That way, your team can go through the origin of their favorite cup-a-joe, coffee bean roasting techniques, and tasting notes.

You Gotta Lava Chocolate Soufflé

Souffle desserts

There is a bit of a debate about the origin of this decadent, oozing treat.

New York chef Jean-Georges Vongerichten claims to have invented it in 1987, but French chocolatier Jacques Torres insists it was already enjoyed in France many years before.

Vongerichten explained that his invention was the result of a happy accident. In his haste, he took a chocolate sponge cake from the oven too soon, leaving the center runny. 

Rockoly’s Chocolate Lava Soufflé is the perfect workshop for those with a serious sweet tooth.

This kingpin of desserts is served with a fresh strawberry sauce and can be paired — once more — with an expert-led coffee tasting workshop.

The Art of Tart

fruit tart desserts

The fruit tart was a new take on a fruit pie when the filling was placed on a shortcrust base.

Pies have been an everyday treat in Europe since the 1350s. When shortcrust was invented in 1550s, tarts of all sorts became a regular treat in medieval courts. The open face of a tart was an opportunity to create a colorful works of art, to impress guests, and add to the festive mood.  

Rockoly’s rainbow fruit tart is a colorful treat, packed with fresh fruit and a sweet filling, all in a homemade pastry. The artfully arranged fruit topped with a jelly glaze is aesthetically pleasing and delicious.

Serve with a bottle of dessert wine for the perfect treat!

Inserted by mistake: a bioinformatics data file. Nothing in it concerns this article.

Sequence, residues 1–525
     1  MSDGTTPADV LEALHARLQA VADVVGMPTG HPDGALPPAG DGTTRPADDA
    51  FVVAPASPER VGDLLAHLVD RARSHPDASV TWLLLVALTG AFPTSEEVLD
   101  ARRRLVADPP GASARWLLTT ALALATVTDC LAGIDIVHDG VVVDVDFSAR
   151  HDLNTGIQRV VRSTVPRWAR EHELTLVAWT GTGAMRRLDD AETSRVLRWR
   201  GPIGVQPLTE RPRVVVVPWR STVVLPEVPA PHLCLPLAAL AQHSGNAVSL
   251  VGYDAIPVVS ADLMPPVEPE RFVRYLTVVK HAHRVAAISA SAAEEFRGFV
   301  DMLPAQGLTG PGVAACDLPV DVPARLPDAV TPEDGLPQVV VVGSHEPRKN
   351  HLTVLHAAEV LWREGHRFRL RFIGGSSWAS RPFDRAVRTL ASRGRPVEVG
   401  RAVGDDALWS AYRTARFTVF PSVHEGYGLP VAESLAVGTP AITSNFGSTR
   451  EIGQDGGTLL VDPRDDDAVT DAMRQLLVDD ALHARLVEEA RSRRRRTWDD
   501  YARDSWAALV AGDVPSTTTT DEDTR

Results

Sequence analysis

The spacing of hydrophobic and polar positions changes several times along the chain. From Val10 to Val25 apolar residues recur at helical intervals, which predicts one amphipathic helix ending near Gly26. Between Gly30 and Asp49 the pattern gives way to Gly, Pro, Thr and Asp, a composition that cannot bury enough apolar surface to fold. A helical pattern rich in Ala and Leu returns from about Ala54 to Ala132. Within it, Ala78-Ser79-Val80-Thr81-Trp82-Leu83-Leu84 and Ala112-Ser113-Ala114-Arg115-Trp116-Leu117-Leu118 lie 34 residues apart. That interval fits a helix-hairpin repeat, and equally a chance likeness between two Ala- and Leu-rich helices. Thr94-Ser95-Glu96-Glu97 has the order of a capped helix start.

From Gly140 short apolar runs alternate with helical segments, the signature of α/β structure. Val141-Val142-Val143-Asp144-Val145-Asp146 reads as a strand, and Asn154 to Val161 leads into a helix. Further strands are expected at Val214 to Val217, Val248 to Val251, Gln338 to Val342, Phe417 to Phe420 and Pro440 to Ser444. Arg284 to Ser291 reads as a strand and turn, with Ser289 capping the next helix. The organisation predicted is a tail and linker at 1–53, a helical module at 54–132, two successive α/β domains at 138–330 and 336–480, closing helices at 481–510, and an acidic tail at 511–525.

History in the Baking

The Greeks created the first cheesecake as early as 2,000 B.C. It was considered an excellent energy source and was used by Olympic athletes during the ancient games.

However, it was nothing like the cake we enjoy today.

Instead, it was made with flour and wheat. Today, many variations of this favorite dessert exist. The Italians favor ricotta cheese as a base, and the Germans prefer cottage cheese. Specialty cheesecakes use exotic ripe cheeses, add other flavors such as salted caramel and chocolate, and various fruit coulis often punctuate this decadent delight. 

Bake Sweet Desserts With Rockoly

Virtual Corporate Events

Don’t let the size of Rockoly’s blueberry lemon cheesecake bites fool you.

They burst with flavor and infuse the perfect combination of zesty lemons and sweet blueberries. These baked bits of heaven are the perfect dessert, and one bite will not be enough. Add to your experience with a champagne pairing or coffee tasting.

But that’s it folks! The team and chefs at Rockoly wants to bring your team together with a fun and interactive cooking class. So, tell us about your remote team, select a meal from our curated menu, and get started.

Your team-building event is customizable and hassle-free — we deliver all the ingredients to your team!

A professional chef will guide your online team-building workshop through video conferencing, helping everyone create exciting meals together.

In addition to creating and baking desserts, Rockoly’s cooking workshops encourage connection, boost morale, and foster socialization among teams. We even add fun group games and entertainment for your team during the workshop.

Get in touch today if you’re ready to bring your team through Italian travel and cuisine with a Rockoly workshop.

Nicola Killops

Nicola Killops

Nicola is a former teacher and lives in Johannesburg, South Africa. She now writes full-time, with her partner, Justin. Nicola loves food, music, travel, and is a proud human and pet mom.